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Mundane and Ego Driven
on 4 March 2010
I picked up this book in eager anticipation of a thrilling read and an insight to life on the Metropolitan Police's specialist firearms unit, instead it was just under 300 pages of self praising, ego driven, badly written prose.
Where to start? As has been commented in other reviews, one thing that shines out above all else is the ego of the author. It casts its shadow over the entire book like a monolith. No matter what the situation or anecdote the autothor is never slow to praise himself and the chosen members of his team. Starting from when he joins the team it progressivly deteriorates.
The book reads like a series of tales you would expect to here from a chap in a pub. It almost reads like a parady in places, always in the right place at the right time to save the day from ineptitude of his colleagues in other branches. He even throws in a few 'witty' one liners in places. Criminals are portrayed as almost subhuman and the members of the public like mindless sheep, he seems to have little compassion or consideration for those whose job it is to protect.
He frequently mentions that he has made enemies amongst other members of SO19 and the force, reading this book its not difficult to guess why. He seems to regard many of his colleagues who aren't in his immediate team with such contempt and disdain, often pointing out failings and flaws while negativly comparing them to himself and his team. If this attitude can be discerned through what he wrote in print, its a reasonable assumption to say he conducted his person in a similar manner.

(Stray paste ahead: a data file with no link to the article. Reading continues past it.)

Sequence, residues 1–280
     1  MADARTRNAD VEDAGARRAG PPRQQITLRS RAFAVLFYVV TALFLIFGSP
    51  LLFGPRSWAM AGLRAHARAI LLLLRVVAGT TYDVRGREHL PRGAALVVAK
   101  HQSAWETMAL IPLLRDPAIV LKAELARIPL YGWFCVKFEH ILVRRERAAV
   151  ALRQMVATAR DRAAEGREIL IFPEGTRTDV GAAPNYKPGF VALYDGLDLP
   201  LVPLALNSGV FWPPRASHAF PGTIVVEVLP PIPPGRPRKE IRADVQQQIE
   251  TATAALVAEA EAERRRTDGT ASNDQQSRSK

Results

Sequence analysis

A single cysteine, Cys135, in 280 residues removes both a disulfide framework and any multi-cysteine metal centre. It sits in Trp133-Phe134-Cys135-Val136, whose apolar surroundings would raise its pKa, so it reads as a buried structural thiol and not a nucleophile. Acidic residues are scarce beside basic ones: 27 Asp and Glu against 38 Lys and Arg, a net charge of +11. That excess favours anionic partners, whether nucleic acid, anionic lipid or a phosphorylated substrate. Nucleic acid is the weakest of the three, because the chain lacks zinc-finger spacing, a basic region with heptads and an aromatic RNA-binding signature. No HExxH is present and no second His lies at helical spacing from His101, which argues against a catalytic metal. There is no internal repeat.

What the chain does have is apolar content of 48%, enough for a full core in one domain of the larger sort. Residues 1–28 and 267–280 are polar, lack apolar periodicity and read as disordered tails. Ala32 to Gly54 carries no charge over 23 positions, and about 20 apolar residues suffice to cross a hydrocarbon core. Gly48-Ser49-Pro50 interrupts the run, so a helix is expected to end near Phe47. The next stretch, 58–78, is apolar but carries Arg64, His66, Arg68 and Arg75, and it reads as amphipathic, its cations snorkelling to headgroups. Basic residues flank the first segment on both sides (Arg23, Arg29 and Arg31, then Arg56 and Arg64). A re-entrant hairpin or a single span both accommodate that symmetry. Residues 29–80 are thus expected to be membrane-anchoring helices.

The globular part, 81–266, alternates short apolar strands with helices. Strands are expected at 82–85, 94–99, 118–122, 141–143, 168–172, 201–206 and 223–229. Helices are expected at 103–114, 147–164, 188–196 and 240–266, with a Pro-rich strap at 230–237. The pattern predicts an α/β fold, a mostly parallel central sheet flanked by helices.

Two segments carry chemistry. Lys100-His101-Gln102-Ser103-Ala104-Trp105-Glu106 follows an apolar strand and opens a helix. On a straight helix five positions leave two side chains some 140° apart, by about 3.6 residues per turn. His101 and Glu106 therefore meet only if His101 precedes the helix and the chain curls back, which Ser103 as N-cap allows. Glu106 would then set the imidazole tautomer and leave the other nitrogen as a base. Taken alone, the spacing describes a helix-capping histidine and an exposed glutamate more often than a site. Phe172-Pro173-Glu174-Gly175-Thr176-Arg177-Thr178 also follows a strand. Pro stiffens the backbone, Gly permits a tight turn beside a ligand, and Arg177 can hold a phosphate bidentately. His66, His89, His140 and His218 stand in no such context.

I got the distinct impression that this book wasn't written by the author not to provide a gritty fly on the wall expose of life on the force, but because his ego simply wouldn't allow his version of the many incidents he attended and 'tales of derring do' to go unannounced to the world at large.
Which brings me to my next point, details about life on the force are pretty thin on the ground. Apart from a couple of chapters dealing with training and certain aspects of the job, the book lurches from one similar anecdote to the next with little in the way of background. As far as the author is concerned each incident started and ended with his arrival and departure. A few vague attempts at epilogue to certain situations are thrown in but almost as an afterthought. The narrative jerks in places, making the 'plot' difficult to follow. Sometimes its the author telling the story, sometimes its the author telling a story about someone else from their perspective, it lurchs back and forth with little direction.
There is little clue into the life on SO19, apart from briefings, a few ops and several 'knowing' references to SAS/SBS activities there is little insight at all. No one wants to hear about paperwork and the like, but more detail regarding the day to day life of the team. How they spend their time, what training the do with other Met Units, what vehicles they use. Instead we are treated to several pages of sitting in the back of cars and fart jokes.
The book starts pretty readable but as it progresses and the ego becomes more apparent and the operations/jobs become almost mundanely similar the book loses its appeal. I pretty much had to force myself to finish it. I dearly wanted to like this book, to be able to enjoy it and tell my friends about it. But the tone and style of writing make it impossible.
If you are looking for a good real life insight into SO19 i'm afraid this isn't it.